A photographer’s review of iPhoto for iPad
When Apple put together the mobile version of iPhoto they took a fresh approach instead of merely porting the long-standing and overworked desktop version.
For users of iPhoto on Mac there are some familiar conventions. Opening the app reveals four types of file management: Albums, Photos, Events and, something not found in the desktop version, Journals.
The first three are self-explanatory so let’s focus on the last. Journals presents a fresh way of sharing involving a selection of images that are published to iCloud.
The images are automatically arranged in an editable, asymmetrical layout that, once published, can be shared by sending a link via email or otherwise broadcasting the URL however you like.
For those of us who used MobileMe and already miss publishing albums to it, Journals represents a not-too-bad method for sharing a set of images with some measure of privacy. It’s a cool feature and I wouldn’t be surprised to see it filter into other Apple software.
On the top right of what you might call the app’s menu bar, the “Edit” button will, once tapped, lead you to an editing environment that, at first, looks under-featured but offers some terrific tools.
Among them is a rather excellent exposure tool that works along the lines of a levels adjustment slider, with shadow, mid-tone and highlight adjustments.
Otherwise, the editing set is pretty much as expected, extending to a set of Instagram-style effects such as vintage, duotone and artistic.
I especially like the adjustment brushes such as lighten, darken, sharpen and desaturate, which are brushed in with touch strokes. The brushes can be made edge-aware and reversed to work as erasers, much like the adjustment brushes in Aperture.
Yet for all its appealing features, there are some that are dumbfounding.
For instance, the export to iTunes option for sharing a Journal. Bit of a mystery, that one. What does it do? Adding comments to an image only *after* sharing it to Facebook? What?
And what’s up with the Beam tool? This is supposed to enable the transfer of images from one iOS device to another by “beaming” it over Wi-Fi or Bluetooth, but I couldn’t get it to work.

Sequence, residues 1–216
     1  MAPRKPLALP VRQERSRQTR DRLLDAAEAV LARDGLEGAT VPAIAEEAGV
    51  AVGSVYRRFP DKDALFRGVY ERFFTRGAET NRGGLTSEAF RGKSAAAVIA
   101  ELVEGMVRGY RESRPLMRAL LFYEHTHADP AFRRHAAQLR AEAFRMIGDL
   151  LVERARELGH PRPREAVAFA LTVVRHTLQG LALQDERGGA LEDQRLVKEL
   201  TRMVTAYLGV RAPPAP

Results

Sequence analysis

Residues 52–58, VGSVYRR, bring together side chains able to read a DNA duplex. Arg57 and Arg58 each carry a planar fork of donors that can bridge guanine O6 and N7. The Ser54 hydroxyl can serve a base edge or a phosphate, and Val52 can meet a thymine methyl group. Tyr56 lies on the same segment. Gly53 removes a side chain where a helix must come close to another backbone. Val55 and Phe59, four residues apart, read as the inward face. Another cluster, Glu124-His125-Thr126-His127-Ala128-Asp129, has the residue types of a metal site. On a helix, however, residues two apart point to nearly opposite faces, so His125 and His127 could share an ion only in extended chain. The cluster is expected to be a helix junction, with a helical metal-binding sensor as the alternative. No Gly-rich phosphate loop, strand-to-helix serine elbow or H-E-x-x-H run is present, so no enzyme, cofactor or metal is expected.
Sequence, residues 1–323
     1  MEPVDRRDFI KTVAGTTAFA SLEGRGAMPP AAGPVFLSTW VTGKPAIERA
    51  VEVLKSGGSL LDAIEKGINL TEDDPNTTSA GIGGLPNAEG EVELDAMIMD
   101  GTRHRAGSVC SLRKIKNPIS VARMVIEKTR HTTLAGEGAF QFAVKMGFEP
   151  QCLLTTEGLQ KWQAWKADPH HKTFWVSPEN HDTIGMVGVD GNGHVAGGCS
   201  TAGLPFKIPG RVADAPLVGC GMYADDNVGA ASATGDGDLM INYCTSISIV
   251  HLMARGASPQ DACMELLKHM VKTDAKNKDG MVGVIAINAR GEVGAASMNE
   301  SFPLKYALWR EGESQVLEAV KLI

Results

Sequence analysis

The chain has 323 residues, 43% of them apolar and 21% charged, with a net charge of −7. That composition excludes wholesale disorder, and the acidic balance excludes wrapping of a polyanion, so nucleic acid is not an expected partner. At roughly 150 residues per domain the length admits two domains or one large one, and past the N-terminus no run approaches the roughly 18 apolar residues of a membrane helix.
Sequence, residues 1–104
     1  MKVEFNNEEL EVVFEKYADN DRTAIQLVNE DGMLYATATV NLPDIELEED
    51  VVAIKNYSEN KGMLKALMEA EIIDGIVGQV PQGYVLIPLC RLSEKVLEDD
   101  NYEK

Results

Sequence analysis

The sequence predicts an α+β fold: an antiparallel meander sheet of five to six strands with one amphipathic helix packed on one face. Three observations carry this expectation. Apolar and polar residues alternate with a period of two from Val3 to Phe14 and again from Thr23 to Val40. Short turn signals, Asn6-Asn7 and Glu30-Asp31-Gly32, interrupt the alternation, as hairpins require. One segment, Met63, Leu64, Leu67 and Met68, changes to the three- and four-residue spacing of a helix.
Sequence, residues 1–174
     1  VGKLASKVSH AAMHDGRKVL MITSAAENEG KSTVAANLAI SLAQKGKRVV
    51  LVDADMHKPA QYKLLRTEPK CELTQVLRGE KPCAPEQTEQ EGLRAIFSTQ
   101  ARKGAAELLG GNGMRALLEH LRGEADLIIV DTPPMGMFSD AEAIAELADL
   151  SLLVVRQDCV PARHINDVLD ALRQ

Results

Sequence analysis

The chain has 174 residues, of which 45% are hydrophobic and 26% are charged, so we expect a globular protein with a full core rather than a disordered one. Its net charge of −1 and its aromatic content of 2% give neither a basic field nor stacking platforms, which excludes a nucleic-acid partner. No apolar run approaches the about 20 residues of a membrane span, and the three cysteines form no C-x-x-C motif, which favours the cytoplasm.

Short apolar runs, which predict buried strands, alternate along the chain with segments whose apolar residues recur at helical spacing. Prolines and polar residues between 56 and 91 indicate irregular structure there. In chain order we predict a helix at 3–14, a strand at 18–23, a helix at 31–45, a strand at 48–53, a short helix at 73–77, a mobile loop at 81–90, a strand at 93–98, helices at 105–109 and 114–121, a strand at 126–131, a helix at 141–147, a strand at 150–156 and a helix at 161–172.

Also, being able to print is great but not if you don’t have an AirPrint-enabled printer.
Also a bit annoying is that Facebook can’t syphon thumbnails from a Journal page on iCloud, so if you paste the Journal URL into your Facebook page, you get only a thumbnail-less link.
These niggly bits are easy to overlook because they’re the sort of thing you expect to be ironed out with an update but also, and mostly, because the mobile iPhoto app, much like its desktop progenitor, manages well to combine the two principal aspects of photo management – sorting and editing.
Yes, there are other photo library managers but few that work as smoothly as iPhoto and, yes, there is an abundance (too many, in my view) of photo filter apps vying for the attention of your “buy finger” but few, if any, that can manage a photo library with the panache of iPhoto.
Apple’s done a great job here, offering a fun, easy to use app with a delightfully fluid interface that encourages you to explore the app’s functionality.
Unlike the desktop version, however, it has thanks to the App Store plenty of competition for eyeballs. Let’s hope this doesn’t lead Apple to adding and changing features that give the mobile app the kind of awkwardness that has come to compromise the appeal of the desktop version.
Apart from some minor flaws that need ironing out, this is a good app that is well worth the asking price.
iPhoto for iPad app
* Chris Oaten is a professional photographer, and gadget reviewer, from Insight Visuals.